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Carcinogenesis

Comparative metabolism and DNA binding of 6-nitro-5-methylchrysene and 5-methylchrysene.


PMID 3621469

Abstract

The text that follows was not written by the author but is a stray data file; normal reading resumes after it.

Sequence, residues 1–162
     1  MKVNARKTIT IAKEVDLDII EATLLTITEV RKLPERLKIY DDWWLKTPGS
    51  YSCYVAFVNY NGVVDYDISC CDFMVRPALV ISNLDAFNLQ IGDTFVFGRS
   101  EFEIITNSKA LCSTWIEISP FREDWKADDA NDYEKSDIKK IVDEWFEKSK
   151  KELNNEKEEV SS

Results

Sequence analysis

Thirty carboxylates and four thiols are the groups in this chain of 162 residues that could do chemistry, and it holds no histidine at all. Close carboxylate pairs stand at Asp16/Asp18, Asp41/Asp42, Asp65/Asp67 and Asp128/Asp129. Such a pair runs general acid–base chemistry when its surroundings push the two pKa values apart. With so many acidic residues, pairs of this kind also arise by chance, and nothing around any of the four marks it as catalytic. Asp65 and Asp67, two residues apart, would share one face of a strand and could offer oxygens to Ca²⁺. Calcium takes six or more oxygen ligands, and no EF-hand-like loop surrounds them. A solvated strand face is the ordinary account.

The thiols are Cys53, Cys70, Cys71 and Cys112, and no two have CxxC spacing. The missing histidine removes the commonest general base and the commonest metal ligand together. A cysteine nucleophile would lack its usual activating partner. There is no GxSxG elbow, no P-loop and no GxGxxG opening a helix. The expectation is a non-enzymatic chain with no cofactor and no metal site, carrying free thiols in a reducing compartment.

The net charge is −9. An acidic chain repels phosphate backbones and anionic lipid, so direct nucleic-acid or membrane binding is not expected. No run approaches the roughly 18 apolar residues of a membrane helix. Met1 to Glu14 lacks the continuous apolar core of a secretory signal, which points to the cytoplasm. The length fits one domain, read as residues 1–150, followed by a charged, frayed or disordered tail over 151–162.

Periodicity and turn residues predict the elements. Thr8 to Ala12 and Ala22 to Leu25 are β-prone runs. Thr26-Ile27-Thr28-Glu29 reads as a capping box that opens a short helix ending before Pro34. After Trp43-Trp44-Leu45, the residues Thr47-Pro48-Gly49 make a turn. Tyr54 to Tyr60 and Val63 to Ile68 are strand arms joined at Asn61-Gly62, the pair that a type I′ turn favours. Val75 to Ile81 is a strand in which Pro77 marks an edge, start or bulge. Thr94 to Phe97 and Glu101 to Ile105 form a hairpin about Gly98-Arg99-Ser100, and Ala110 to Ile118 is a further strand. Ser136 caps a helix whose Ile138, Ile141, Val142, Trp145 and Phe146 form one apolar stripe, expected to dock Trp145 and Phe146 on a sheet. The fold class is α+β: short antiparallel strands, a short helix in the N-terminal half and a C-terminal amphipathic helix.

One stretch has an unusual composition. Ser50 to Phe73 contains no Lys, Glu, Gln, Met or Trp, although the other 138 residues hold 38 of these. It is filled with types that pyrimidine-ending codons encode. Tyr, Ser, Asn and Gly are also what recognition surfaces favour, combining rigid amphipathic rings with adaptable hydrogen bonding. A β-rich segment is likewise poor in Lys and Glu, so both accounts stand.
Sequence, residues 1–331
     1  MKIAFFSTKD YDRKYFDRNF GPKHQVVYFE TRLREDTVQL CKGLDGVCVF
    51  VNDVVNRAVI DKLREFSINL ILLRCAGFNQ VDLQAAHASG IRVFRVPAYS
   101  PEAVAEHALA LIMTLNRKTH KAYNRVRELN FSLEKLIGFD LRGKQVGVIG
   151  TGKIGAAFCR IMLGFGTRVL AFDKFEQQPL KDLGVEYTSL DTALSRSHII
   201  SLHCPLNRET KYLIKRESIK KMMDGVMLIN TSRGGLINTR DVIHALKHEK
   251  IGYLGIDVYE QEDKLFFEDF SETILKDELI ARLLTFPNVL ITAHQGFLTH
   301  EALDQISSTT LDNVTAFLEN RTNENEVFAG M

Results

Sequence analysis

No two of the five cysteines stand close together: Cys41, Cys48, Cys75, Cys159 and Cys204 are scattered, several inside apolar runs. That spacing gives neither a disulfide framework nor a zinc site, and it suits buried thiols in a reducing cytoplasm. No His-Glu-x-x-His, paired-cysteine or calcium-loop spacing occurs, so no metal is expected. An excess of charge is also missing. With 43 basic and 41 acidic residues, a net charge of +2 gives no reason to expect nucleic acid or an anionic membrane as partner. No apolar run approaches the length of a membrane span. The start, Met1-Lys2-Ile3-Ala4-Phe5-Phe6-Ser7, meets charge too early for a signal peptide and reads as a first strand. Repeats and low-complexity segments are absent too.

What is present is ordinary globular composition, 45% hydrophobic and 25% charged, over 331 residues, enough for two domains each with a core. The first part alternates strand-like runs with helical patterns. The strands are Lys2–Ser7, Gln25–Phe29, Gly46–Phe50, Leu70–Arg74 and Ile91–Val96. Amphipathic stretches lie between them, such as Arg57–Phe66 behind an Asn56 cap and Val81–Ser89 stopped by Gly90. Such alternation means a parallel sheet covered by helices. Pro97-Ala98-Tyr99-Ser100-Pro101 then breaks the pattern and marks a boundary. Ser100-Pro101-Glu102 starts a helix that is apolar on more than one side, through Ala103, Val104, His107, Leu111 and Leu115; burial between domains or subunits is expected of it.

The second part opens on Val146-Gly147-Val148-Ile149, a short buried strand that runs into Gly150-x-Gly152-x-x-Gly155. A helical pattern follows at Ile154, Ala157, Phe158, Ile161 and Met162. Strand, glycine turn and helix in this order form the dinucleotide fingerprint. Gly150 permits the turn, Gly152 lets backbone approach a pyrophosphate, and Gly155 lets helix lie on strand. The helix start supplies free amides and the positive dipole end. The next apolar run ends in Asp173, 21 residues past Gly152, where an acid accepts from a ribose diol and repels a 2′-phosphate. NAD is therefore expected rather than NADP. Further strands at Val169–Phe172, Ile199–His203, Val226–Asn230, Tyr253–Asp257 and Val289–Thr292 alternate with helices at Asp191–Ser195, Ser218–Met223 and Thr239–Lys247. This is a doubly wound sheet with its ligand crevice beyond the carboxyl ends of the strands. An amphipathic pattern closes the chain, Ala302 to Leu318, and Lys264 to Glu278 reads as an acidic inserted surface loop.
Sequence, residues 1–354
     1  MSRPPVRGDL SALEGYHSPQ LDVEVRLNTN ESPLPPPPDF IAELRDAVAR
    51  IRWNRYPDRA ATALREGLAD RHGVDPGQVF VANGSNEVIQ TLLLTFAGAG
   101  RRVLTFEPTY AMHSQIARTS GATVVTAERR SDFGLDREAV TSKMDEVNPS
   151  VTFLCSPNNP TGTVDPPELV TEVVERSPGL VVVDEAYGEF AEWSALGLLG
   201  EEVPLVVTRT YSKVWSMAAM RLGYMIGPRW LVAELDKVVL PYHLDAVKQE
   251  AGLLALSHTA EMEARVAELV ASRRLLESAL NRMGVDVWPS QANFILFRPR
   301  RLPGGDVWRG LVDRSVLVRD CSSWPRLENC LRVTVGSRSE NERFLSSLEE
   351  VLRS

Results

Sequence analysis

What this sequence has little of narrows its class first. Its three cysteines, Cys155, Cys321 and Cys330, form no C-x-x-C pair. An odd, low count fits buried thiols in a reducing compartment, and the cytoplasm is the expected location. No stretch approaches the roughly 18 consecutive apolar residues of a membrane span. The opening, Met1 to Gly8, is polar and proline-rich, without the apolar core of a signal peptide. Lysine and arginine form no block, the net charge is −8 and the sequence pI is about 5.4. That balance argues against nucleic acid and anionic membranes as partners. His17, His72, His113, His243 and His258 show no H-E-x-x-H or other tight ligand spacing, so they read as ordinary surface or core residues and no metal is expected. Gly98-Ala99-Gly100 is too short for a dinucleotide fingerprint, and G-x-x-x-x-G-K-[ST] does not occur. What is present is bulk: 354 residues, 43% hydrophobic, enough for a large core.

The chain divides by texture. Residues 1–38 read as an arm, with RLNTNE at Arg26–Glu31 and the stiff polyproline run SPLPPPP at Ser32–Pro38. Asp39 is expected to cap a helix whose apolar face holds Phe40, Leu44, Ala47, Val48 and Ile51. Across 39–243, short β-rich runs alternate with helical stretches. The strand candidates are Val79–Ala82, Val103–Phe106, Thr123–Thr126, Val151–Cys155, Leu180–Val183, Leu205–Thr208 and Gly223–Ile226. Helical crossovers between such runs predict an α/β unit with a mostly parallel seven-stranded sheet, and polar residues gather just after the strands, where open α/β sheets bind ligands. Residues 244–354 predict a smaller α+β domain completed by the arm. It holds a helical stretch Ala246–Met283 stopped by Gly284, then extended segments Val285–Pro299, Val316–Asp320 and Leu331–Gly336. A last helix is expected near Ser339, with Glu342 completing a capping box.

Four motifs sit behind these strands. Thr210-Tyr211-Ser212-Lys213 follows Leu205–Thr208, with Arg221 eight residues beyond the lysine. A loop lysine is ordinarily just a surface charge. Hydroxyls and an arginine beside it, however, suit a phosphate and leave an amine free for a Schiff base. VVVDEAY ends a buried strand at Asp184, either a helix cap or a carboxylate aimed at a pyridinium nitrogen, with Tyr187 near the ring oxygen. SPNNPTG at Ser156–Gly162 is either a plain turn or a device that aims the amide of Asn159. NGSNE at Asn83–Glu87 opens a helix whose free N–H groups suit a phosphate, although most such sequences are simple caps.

The metabolic activation in mouse skin of the strong carcinogen, 5-methylchrysene (5-MeC) was compared to that of the inactive compound, 6-nitro-5-methylchrysene (6-NO2-5-MeC). Metabolites of 6-NO2-5-MeC, formed using rat liver homogenates, were identified based on their spectral properties and were used as markers for studies performed in vivo. In mouse epidermis in vivo, the identified metabolites of 6-NO2-5-MeC were trans-1,2-dihydro-1,2-dihydroxy-6-nitro-5-methylchrysene (6-NO2-5-MeC-1,2-diol), the precursor to a bay region dihydrodiol epoxide, trans-9,10-dihydro-9,10-dihydroxy-6-nitro-5-methylchrysene, and 6-nitro-5-hydroxymethylchrysene. The levels of 6-NO2-5-MeC-1,2-diol formed in mouse epidermis from 6-NO2-5-MeC were greater than those of the proximate carcinogen trans-1,2-dihydro-1,2-dihydroxy-5-methylchrysene (5-MeC-1,2-diol) formed from 5-MeC. The further metabolism of 6-NO2-5-MeC-1,2-diol was examined in mouse epidermis under conditions similar to those described previously for 5-MeC-1,2-diol. The extents of formation of 1,2,3,4-tetraols from both dihydrodiols were similar. The chromatographic patterns of DNA adducts formed in mouse epidermis from 6-NO2-5-MeC and 5-MeC were qualitatively similar; however, the extent of formation of DNA adducts from 5-MeC was 15-fold greater than from 6-NO2-5-MeC. The reactions between calf thymus DNA and the bay region 1,2-diol-3,4-epoxides of 5-MeC and 6-NO2-5-MeC were compared; the levels of adducts formed from the bay region diol epoxide of 5-MeC were about four times greater than those formed from the bay region diol epoxide of 6-NO2-5-MeC. The results indicate that the relatively low DNA binding in vivo of 6-NO2-5-MeC may be responsible for its apparent lack of tumorigenicity compared to 5-MeC. It is likely that nitro substitution at the 6-position of 5-MeC interferes with the structural requirements of the 1,2-diol-3,4-epoxide which are necessary for specific DNA interactions.